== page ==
In Kwaio, the Seventh Day Adventists were the Christians most worried about the Tiriisekesi, although some South Seas Evangelical Church were also distressed. Fears seem to have died down somewhat in 1994-6 but many people still worry that the predictions will prove true. As with most apocalyptic rumours in Kwaio, pagans are less concerned about the Pope than are Christians. Pagans are thought to be exempt from the Pope=s final solution. Pagans will neither be murdered nor pressured to become Catholic. Christian promoters of these beliefs have told this to pagans. The pagan community do not suffer from the same anxieties as does the Christian community. Christians have long been much more engaged in and dependent upon the cash economy than are pagans. Most Christians converted at least partly to gain access to cash and European affluence, (as Brutti suggests for the Oksapmin also) and most have been disappointed. Most converts gave up residence rights on their own land when they relocated to the coast, so their subsistence base is also more precarious. The Solomons economy is in difficulties and those most hurt are isolated rural people like Kwaio Christians who are increasingly dependent up on the cash economy but find themselves with decreasing opportunities profitably to take part in it. Many Kwaio attribute their problems to partly-understood global economic causes.


These Christian rumours reflect the Protestant and Seventh Day Adventist composition of the Christian communities in Kwaio and reflect the opposition between these churches and the Catholic church in a new and millennial context. It is interesting that the problem is seen as confined to the Christians themselves in contrast to the situation among the Urapmin who see themselves as all Christians. Exactly how disappointments over cash income are translated into fear of a Papal take-over is not readily apparent, but must have to do with the other widespread rumour that a new >world power= will take over in cases where Pacific island countries= economies falter: a notion that itself would seem to be derived from the World Bank rather than from Catholicism. The perception of such outside agencies as potentially hostile and despotic differs markedly from the image of the World Bank that was projected in the Hagen money cult in 1968-71, when one of the songs invented and sung by a Kawelka group leader at the time included the lines:


Okla ndop kant-mel o e

l Mbeng mana omba poka ronom e


I look up and I see

The World Bank comes down and breaks open.


>Breaking open= here meant the apocalyptic moment in which wealth, freely available for all, would be made manifest.






In many parts of the world the beginning of a new decade is a time of reflection and reminiscing about the events that have occurred with an emphasis on specific achievements and advances, unusual disasters, and unexpected events that have markedly altered history. Often the tone is one of a time of closure and healing and a sense of hope that a period of new beginnings will bring a renewal or refreshing of the human condition. It seems likely that the media will bombard us with imagery of past events as a form of preparation for what changes the millennium will bring among those of us using the Gregorian calendar. This kind of imagery has also to be seen as a millennial marker and it will continue to feed into the markers discussed here.


And if all these >markers= should fail - what? How will all the semiosis be retrospectively reinterpreted? After the >money cult= of 1968-71 in Mount Hagen had failed (its market >crashed=), people resumed their pragmatic mode: it failed because certain procedures were done wrongly or because it was all lies or tricks or for unknown reasons. Will the response to the passing of the year 2,000 and the countdown to it be the same, or will matters be more convoluted?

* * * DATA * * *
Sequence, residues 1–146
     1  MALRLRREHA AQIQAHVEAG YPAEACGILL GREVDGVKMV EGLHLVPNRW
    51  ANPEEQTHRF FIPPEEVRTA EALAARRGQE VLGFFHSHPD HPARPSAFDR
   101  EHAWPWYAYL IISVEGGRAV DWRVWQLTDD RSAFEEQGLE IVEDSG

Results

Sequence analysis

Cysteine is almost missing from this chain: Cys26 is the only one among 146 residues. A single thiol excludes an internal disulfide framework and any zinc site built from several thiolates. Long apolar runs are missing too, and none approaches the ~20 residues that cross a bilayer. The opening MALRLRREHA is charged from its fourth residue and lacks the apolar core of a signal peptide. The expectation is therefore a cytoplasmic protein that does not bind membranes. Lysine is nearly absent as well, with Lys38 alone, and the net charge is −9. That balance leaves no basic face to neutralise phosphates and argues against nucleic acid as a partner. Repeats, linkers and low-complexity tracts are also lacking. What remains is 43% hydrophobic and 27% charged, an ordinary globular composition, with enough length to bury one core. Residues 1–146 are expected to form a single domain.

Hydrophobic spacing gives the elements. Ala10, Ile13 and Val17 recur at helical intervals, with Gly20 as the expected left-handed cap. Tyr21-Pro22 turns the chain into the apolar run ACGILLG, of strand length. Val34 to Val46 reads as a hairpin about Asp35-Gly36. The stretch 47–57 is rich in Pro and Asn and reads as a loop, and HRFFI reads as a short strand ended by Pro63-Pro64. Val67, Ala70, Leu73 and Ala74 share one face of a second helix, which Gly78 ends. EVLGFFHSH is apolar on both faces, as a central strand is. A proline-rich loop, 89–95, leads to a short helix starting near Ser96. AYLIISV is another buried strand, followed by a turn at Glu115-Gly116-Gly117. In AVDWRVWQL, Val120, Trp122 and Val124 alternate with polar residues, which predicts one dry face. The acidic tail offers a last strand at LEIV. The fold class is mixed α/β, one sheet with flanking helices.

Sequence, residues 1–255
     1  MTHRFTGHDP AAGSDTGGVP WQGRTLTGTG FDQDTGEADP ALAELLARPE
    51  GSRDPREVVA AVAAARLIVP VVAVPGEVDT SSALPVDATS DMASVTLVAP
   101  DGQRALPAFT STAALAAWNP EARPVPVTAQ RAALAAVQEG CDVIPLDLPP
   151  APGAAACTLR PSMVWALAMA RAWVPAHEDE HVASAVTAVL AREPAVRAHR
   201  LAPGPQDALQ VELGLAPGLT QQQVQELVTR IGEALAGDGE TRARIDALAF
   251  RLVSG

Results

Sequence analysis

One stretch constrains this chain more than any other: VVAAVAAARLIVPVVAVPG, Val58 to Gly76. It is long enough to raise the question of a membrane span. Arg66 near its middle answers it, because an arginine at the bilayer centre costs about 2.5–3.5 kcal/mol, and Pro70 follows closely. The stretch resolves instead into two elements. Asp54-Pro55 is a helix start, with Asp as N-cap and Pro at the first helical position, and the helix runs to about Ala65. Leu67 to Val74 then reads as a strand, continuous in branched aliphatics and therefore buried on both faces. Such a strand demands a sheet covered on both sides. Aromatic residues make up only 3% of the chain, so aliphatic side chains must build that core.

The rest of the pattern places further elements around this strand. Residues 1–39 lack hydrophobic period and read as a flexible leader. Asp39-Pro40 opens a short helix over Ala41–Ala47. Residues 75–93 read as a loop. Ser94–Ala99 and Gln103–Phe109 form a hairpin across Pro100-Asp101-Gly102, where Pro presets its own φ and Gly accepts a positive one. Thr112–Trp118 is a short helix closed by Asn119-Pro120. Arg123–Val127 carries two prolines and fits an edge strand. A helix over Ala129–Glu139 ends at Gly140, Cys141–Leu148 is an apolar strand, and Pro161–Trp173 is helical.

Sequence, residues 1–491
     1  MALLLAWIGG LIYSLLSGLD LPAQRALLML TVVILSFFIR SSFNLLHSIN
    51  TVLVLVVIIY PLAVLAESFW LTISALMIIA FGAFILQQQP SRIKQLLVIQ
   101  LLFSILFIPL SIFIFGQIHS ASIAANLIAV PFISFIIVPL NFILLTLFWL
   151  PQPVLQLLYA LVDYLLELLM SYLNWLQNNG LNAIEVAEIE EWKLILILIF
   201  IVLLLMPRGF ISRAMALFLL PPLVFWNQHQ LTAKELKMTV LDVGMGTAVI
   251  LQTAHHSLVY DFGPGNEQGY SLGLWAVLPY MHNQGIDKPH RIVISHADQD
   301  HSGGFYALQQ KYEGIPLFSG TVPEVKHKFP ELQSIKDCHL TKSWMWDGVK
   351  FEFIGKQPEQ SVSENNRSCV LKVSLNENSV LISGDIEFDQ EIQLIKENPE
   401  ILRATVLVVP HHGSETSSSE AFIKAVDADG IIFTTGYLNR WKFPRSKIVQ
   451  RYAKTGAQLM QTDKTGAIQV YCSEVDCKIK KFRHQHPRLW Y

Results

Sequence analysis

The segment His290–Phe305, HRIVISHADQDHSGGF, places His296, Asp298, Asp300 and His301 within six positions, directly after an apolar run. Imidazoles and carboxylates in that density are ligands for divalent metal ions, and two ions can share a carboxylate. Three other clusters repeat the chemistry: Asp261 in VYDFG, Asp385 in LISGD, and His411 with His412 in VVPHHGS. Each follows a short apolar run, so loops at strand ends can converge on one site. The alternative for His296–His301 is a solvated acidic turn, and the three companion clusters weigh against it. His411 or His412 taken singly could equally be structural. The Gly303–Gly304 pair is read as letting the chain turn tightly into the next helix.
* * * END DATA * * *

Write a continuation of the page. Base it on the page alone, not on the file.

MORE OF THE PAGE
We cannot say. Meanwhile each of these papers probes aspects of the situation now. Theo Ahrens quietly charts the various pathways that led to the colonial creation of millenariansim in the Pacific and shows how its themes have themselves recurred over time. Joel Robbins picks on two classic themes, >the skin= and the >666' sign, and elegantly shows how they mutually configure in contemporary Urapmin eschatology. Lorenzo Brutti gives us a startling new account of a ritual of renewal through sacrifice in Oksapmin and an intricate argument on cycliciy, ecology, the cosmos, and millenarianism among Christian sects. Chris Morgan makes a sophisticated and succinct restatement of Huli entropic epistemology and conducts a careful examination of the thought-world of one idosyncratic end-of-the-worlder, showing how his personal mytho-logic is based firmly in the wider Huli view of the world as well as in an anthropocentric picture of transcendence through escape in a spacecraft. Biblical images and video clips fuse with Huli pureremo in Hayara=s thought, producing a familiar bricolage of the extraordinary, the unexpected and the mundane. Of such are millennial markers made.





Cohn, Norman 1993. Cosmos, Chaos and the World to Come. The Ancient Roots of Apocalyptic Faith. New Haven and London: Yale University Press.


Frankel, Stephen 1986. The Huli Response to Illness. Cambridge: Cambridge University Press.


Kamma, Freerk C. 1972. Koreri: Messianic Movements in the Biak-Numfor Culture Area. >s-Gravenhage: Martinus Nijhoff.


McGinn, Bernard 1994. Antichrist. Two Thousand Years of the Human Fascination with Evil. San Francisco: Harper (Harper Collins).


Strathern A.J. and Pamela J. Stewart 1998. Melpa and Nuer Ideas of Life and Death: the rebirth of a comparision. In M. Lambek and A.J. Strathern eds. Bodies and Persons: Comparative Perspectives from Africa and Melanesia. Cambridge: Cambridge University Press, pp 232-251.



The other papers in Millennial Markers are:

-Millenarianism in Christian Missions: A Few Historical Reminders.

Theodor Ahrens, pg 19-34.

-666, or Why is the Millennium on the Skin? Morality, the State and the Epistemology of Apocalypticism.

Joel Robbins, pg 35-58.

-The State at the End of the Universe: Madness and the Millennium in Huli.

Christopher Morgan, 59-86.


-Waiting for God. Ecocosmological Transformations among the Oksapmin (Sandaun Province - PNG).

Lorenzo Brutti, pg 87-131.


-A forthcoming issue of the journal Ethnohistory entitled Millennial Countdown in New Guinea edited by Pamela J. Stewart and Andrew Strathern will also address some of these issues and was scheduled to be published early in 2000.